http://www.theglobeandmail.com/news/national/prairies/ruling-expected-in-syncrude-duck-trial/article1617402/?cmpid=rss1

In other words, tar sands miners are worried that the costs of their "externalities" may be brought home to them. 

Tuesday, June 15, 2010

Over Optimistic

http://www.cbc.ca/canada/newfoundland-labrador/story/2010/06/15/chevron-deepwater-oil-drill-615.html#socialcomments

Chevron Canada executives defended Monday their decision to pursue an unprecedented exploratory well off Newfoundland, so soon in the wake of the Gulf of Mexico oil spill disaster.

The project has attracted increasing international attention — and scrutiny — because Chevron is drilling a well in more than 2,600 metres of water, significantly deeper than the Deepwater Horizon project in the Gulf of Mexico, where a blowout in April continues to have a devastating environmental impact.

But vice-president Mark MacLeod said Chevron has an industry-leading safety record.

"Chevron has drilled over 300 deepwater wells. We've never had a blowout in deep water," MacLeod told reporters during a conference call.
Hmmmnnn -couldn't BP have said the they had never had a blowout  before April?  Moreover, perhaps Chevron should share their plans for shutting off the Gulf of Mexico gusher.  If that (hypothetical) plan works expeditiously,  perhaps we could belive that they had the ability to shut off a blowout off Newfoundland.

Sunday, June 13, 2010

Ahem !

http://www.guardian.co.uk/commentisfree/2010/jun/13/deepwater-dividend-post-oil-economy
But the deeper lessons of the oil spill concern the future of our energy supplies, of regulation, and the shape of our society and economy....Out of crisis comes damage, but also opportunity. This is the opportunity to make a decisive turn in the road towards a post-oil economy: for the US, and for the world. But it needs politicians on both sides of the Atlantic to say it with gusto, rather than spend their time attacking BP. We cannot stop our reliance on oil and gas tomorrow. They are an essential bridge to our energy future. But the question is whether they are a bridge or a stopping point....The renewables industry struggles for finance – while investments in tar sands and other projects get the green light. It is the worst of short-termism: for the planet and for all our economic futures.

But there is no point in railing against the short-termism of markets: it is what they do unless the rules are right.  The job of government is to change this short-termism. The obvious opportunity comes as we consider the future of our banking system.As the oil gushes into the Gulf, this is the time to stand proud and declare that we want a hi-tech clean-tech future faster than ever before. The countries that make the leap first will be the successful economies of this century, exporting technology around the world to cities seeking cleaner air and lower emissions.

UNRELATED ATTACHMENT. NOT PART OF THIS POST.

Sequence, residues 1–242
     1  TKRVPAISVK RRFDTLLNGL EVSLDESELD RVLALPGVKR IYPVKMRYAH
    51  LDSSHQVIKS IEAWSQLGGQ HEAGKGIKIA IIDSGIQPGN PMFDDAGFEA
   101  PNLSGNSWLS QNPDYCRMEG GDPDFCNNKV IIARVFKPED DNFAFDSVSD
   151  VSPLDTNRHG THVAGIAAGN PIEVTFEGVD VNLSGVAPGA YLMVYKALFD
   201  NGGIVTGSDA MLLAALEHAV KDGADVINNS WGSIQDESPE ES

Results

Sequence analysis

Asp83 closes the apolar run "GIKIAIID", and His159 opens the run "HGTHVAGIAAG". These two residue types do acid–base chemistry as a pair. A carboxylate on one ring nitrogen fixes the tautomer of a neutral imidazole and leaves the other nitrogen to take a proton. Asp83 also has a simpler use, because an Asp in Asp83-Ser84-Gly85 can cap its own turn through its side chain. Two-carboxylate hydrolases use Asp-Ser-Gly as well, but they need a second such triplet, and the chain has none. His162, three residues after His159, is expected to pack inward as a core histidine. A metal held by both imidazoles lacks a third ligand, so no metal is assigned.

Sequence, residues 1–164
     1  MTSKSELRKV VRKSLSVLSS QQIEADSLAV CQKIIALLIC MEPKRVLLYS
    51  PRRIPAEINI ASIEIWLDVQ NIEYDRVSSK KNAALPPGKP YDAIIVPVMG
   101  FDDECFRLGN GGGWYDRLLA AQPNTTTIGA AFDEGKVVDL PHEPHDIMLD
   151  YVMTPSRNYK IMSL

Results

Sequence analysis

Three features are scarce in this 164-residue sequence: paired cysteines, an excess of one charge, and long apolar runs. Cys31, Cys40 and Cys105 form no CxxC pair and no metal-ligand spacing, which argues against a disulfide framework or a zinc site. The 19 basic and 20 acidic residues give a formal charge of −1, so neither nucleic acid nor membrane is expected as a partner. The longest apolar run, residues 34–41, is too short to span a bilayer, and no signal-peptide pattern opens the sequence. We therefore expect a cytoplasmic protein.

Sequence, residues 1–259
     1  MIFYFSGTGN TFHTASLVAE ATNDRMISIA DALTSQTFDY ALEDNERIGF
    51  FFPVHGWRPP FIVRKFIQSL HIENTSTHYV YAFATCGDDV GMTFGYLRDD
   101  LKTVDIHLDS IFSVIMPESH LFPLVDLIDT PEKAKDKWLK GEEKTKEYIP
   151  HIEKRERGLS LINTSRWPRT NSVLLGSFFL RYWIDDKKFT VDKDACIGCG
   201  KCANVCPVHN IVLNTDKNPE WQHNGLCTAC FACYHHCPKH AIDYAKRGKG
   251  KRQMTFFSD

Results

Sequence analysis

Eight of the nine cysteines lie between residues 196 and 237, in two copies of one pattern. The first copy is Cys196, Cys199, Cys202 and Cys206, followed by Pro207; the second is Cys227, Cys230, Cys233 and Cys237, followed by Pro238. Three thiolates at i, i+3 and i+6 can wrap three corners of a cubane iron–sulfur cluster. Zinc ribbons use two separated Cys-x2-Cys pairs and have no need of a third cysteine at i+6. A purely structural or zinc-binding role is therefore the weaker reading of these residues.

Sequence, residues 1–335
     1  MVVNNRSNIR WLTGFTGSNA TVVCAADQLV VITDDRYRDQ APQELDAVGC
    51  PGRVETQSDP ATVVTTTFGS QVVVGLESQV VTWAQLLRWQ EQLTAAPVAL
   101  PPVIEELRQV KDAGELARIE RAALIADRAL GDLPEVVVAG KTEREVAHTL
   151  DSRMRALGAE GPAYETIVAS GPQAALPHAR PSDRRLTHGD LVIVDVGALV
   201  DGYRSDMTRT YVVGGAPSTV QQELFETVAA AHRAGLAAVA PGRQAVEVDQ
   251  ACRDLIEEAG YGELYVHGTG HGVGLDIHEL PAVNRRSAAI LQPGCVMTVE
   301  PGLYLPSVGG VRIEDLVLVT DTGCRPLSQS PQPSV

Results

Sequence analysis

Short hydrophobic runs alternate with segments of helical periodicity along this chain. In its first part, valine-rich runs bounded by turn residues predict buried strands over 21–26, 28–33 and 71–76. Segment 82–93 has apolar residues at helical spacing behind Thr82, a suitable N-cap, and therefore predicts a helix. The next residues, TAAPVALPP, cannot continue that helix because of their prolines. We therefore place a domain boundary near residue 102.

What did I just tell you?

Positives from an Oil Spill

The extraction of oil pollutes and destroys livelihoods, lives, and ecosystems. Not much room for argument there: look at the results of BP’s gusher in the Gulf of Mexico, Royal Dutch Shell’s presence in Nigeria, and Chevron’s inherited mess in Ecuador. Then, once the oil is out of the ground our use of it pollutes even more. Burning fossil fuels increases the amount of CO2 in the atmosphere - warming the planet. W also create deadly smog in our urban areas by zipping around in our cars instead of taking public transit. Moreover, we destroy vast areas of pristine boreal forest by mining tar sands. (“Reclaimed” land is never as biologically diverse as untouched land.) Moreover, those toxic tailings ponds produced by tar sands mining are really nasty - and 7 out of 9 tar sands extractors do not plan to comply with Regulation 074 on capturing and reducing toxic tailings between 2011 and 2013. The decision is in: our use of oil is disastrous.

But, in a bizarre way, BP’s gusher may turn out to be a positive.

Have I gone mad? No – not exactly – I just spotted a glimmer of hope. The Friday, June 11, 2010 Report on Business section of the Globe and Mail contained several promising items. The lead headline reads “Spill Puts New Oil Frontiers at Risk.” (page B1 ) In other words, politicians and regulators and the public are now aware that another spill is inevitable if we continue drilling as we have. A smaller headline reads “Cheap, abundant, politically secure oil in no longer available.” That article continues on page B5. “According to a new Deutsche Bank report, this is the end of the oil age as we knew it….and our behaviour must change to recognize that. “ So this spill, horrible an environmental disaster that it is, is also an opportunity for environmental activists.

We should use increased awareness on the part of the public and politicians to prevent the lifting of the moratorium on drilling for oil off the coast of British Columbia. Write Mr. Campbell and tell him offshore drilling is too risky. We should also work to shutdown the Enbridge Gateway North Pipeline to coastal BC as, once it is in place, oil tankers will sail BC’s pristine coast – and eventually spill oil. (The Dogwood Initiative Project is already fighting this – check out their website at http://dogwoodinitiative.org/ if you want to work on this project.) Thirdly, we should push both provincial and federal governments to invest in light rapid transit and clean energy.  Encourage everyone you know to write to the Right Honorable Stephen Harper, to their federal MP, and to the provincial representatives.